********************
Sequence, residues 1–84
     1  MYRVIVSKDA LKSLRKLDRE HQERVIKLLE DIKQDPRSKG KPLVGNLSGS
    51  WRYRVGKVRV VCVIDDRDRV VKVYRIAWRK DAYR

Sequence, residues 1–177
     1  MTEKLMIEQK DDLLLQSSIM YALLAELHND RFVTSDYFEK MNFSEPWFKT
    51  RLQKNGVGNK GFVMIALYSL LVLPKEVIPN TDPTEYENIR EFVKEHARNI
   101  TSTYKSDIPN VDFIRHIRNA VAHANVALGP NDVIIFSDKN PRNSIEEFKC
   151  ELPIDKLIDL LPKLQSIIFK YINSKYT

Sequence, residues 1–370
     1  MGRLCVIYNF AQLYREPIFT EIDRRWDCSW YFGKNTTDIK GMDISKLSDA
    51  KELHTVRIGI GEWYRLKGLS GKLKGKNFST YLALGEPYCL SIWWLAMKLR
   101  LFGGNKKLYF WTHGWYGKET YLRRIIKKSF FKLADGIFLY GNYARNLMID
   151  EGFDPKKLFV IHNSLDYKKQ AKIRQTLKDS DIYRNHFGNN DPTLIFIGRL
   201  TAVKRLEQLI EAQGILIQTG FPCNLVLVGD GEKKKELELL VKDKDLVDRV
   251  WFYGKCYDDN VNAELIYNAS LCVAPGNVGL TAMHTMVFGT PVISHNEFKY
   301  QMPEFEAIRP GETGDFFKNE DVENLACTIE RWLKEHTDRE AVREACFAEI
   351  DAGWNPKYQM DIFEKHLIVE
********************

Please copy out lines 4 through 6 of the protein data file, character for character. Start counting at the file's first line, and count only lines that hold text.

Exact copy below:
Sequence, residues 1–177
     1  MTEKLMIEQK DDLLLQSSIM YALLAELHND RFVTSDYFEK MNFSEPWFKT
    51  RLQKNGVGNK GFVMIALYSL LVLPKEVIPN TDPTEYENIR EFVKEHARNI